The Curtiss P-40 achieved its greatest fame with the Flying Tigers, but it also proved itself in every theater of war. Rarely the fastest or most maneuverable aircraft in a combat, it was often the most rugged and served its nation well.
World War II U.S. fighter. The Curtiss P-40 Warhawk, made famous by the legendary Flying Tigers, was one of America’s most important fighter aircraft of World War II. The P-40 originated in 1938 as the XP-40, a derivation of the mid- 1930s Curtiss radial-engine design, the P-36 Hawk. Unlike the Hawk, however, the P-40 was equipped with a liquid-cooled Allison V-1710-33 inline engine, which greatly reduced frontal area and increased performance.
Although the P-40 was sturdy, with good diving characteristics and an attractive, sleek-looking design, it exhibited only mediocre performance compared to most other fighters of the day. By the start of the war, in fact, the P-40 was virtually obsolete. Still, it continued to be produced in great numbers, as it was one of the few fighters already in full production and readily available from war’s outset.
The P-40’s chief claim to fame was its use by General Claire Chennault’s American Volunteer Group (AVG), immortalized as the Flying Tigers. The AVG operated in China under the control of General Chiang Kai-shek in the early months of World War II. With the colorful but intimidating shark’s teeth painted on their noses, the P-40 fighter aircraft flown by the flamboyant and highly capable pilots of the AVG were extremely successful in intercepting and destroying invading Japanese aircraft.
Although consistently outnumbered, pilots flying the P-40 registered a kill ratio of 25 Japanese aircraft for every P-40 destroyed in aerial combat. Because of its effectiveness, as well as the popular cause the AVG supported, the P-40 became one of the most recognized aircraft in history.
The P-40 saw extensive service throughout World War II—beginning with the actual attack on Pearl Harbor. In addition to its use by the United States, the P-40 was used by 28 Allied nations, including the British in North Africa, the Australians in the South Pacific, and the Russians on the Eastern Front. Indeed, even as late as 1943 the P-40—in combination with the Bell P-39—still represented over half of the total fighter strength in the U.S. Army Air Forces.
The P-40 underwent numerous design modifications throughout the war, but when the far superior P-38, P-47, and P-51 fighters arrived on the scene, the P-40 was quickly relegated to roles other than air-to-air combat, such as ground support. By the end of the war, only one U.S. squadron was still equipped with the P-40.
The rugged P-40 played a significant role in winning the war because it was available at a time when most other World War II fighters were still in the planning stages, and it performed dependably and effectively until more advanced fighters became available. Even though a total of 13,738 P-40s were built from May 1940 through 1944, only a handful of these classic and historic aircraft are still flying today.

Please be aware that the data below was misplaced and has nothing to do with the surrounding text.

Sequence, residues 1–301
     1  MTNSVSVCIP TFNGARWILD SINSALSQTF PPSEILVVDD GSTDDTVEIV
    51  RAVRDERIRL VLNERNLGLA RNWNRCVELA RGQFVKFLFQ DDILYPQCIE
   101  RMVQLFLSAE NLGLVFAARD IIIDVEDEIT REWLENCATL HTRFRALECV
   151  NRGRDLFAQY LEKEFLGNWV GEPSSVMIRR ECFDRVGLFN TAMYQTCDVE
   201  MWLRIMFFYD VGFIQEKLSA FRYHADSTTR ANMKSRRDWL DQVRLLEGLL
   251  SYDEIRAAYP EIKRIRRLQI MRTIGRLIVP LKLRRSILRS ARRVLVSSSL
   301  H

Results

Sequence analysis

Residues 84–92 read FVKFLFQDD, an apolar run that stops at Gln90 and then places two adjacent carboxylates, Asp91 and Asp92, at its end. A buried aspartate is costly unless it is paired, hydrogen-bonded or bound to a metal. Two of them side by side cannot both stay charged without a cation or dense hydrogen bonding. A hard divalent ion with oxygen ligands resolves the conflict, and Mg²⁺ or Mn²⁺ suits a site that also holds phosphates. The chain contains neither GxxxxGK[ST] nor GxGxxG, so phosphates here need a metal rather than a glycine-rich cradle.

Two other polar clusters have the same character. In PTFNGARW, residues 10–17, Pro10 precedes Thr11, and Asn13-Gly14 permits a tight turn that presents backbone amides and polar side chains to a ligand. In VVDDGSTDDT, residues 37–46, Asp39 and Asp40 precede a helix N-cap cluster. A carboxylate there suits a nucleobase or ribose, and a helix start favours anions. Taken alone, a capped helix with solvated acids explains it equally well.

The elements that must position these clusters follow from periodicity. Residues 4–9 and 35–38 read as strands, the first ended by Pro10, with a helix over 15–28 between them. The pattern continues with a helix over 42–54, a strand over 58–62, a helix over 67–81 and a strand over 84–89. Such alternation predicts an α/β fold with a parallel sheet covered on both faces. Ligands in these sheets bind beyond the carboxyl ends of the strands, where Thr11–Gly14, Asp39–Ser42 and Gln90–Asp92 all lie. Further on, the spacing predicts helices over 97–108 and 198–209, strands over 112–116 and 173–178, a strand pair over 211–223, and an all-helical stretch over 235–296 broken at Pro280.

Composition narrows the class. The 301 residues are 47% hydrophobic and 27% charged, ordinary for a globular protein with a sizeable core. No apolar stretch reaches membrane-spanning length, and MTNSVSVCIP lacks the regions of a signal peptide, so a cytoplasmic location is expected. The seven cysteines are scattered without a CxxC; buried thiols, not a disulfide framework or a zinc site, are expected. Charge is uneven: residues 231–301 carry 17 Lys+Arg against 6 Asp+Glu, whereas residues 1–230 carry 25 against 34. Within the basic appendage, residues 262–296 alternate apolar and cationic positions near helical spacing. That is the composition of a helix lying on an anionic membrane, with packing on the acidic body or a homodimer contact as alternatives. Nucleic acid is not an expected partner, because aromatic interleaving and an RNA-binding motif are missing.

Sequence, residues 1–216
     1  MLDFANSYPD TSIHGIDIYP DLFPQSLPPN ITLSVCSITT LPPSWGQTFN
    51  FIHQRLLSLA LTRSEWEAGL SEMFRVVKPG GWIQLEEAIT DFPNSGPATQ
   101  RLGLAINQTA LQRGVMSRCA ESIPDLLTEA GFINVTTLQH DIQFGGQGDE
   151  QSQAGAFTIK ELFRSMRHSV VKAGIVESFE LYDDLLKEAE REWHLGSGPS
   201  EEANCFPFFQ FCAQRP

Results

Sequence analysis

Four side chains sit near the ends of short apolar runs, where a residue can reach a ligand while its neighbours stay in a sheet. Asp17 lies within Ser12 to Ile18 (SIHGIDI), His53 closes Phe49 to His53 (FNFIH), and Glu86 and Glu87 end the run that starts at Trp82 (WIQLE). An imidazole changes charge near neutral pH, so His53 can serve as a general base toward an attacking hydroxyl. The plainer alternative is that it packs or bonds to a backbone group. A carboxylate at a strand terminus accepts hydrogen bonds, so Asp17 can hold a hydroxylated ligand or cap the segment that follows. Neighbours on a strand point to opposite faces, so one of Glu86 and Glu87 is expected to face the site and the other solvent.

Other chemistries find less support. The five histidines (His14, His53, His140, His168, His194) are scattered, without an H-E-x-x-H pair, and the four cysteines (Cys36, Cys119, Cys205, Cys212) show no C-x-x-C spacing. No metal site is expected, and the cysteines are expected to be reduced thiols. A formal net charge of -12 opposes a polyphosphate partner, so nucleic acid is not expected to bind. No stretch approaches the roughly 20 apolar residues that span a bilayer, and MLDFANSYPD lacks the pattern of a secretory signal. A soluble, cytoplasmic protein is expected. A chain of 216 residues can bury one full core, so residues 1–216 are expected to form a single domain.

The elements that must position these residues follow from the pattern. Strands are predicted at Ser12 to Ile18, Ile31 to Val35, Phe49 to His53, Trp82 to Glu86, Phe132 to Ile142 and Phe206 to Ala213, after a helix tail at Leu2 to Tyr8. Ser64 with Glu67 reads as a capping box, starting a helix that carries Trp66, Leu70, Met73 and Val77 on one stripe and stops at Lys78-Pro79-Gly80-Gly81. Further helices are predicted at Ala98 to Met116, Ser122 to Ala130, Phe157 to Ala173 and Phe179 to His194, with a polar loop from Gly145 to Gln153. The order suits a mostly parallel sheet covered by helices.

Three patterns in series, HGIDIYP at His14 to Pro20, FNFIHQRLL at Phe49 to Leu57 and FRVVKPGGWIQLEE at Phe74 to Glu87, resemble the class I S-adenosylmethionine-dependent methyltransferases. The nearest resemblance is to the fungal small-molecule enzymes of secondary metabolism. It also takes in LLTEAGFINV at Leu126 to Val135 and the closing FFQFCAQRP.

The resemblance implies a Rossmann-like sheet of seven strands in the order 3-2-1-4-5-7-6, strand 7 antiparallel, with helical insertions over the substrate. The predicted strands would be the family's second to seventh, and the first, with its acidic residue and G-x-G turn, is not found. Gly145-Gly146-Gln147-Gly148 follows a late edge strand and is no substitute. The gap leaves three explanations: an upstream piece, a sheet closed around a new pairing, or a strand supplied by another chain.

The Warhawk has respectable speed for a fighter of 1940. Its climb rate, however, is poor. One virtue it has is handling – particularly roll rate – at high speed. Compared to Axis types, the P-40 would only be competitive in speed with the early war Messerschmitt 109E-3. The Emil can easily out climb the Warhawk, however. Compared to all types, only the Hurricane and the Zero are appreciably slower. All fighters can out climb the Warhawk, and out turn it. The P-40′s only edge on some aircraft, particularly the Zero, is diving ability, and high speed handling….
P40 vs. Japanese Zero
The P-40 was, all around, at least the equal of the Zeke in combat, though the Zeke had tremendous range and other assets. The decision early on to deprive the P-40 of its intended supercharger left it with poor high-altitude performance, and the plane has consequently suffered an unwarranted reputation as second-rate. It was tough and maneuverable, though I wouldn’t go trying to out-turn a Zeke. Rate of roll was better than a Zeke’s, I believe the Japanese regarded the P-40 as the Allies’ best fighter at low altitude.
The P-40 was equal to the Zero in a general comparison. Unfortunately, most of the books many of us (myself included) grew up with have formed a powerful — yet inaccurate — myth that the Zero was a “Super Plane” that ploughed through huge formations of obsolete Allied planes in the early days of the Pacific War with barely a loss. But as we’re finally starting to see some 60 years later, many Allied aircraft, such as the P-40, performed much better in combat than we were originally led to believe.
While the P-40 didn’t match up against the Zero in a classic dogfight, it was vastly superior in many other areas. The P-40 was built to fight AND survive, meaning that it incorporated many features that became commonplace on every American fighter of WW2. These features included self-sealing fuel tanks, good armor, excellent pilot protection, extremely heavy firepower (in later models), good horsepower and above all — tough, durable construction that allowed it to absorb tremendous damage and still come home. (This pattern continues with modern US aircraft even today. With the possible exception of the F-16, every US aircraft currently in service is big, durable and incorporates all of the features listed above.) But while these items increased the P-40′s survivability, they also helped decrease performance.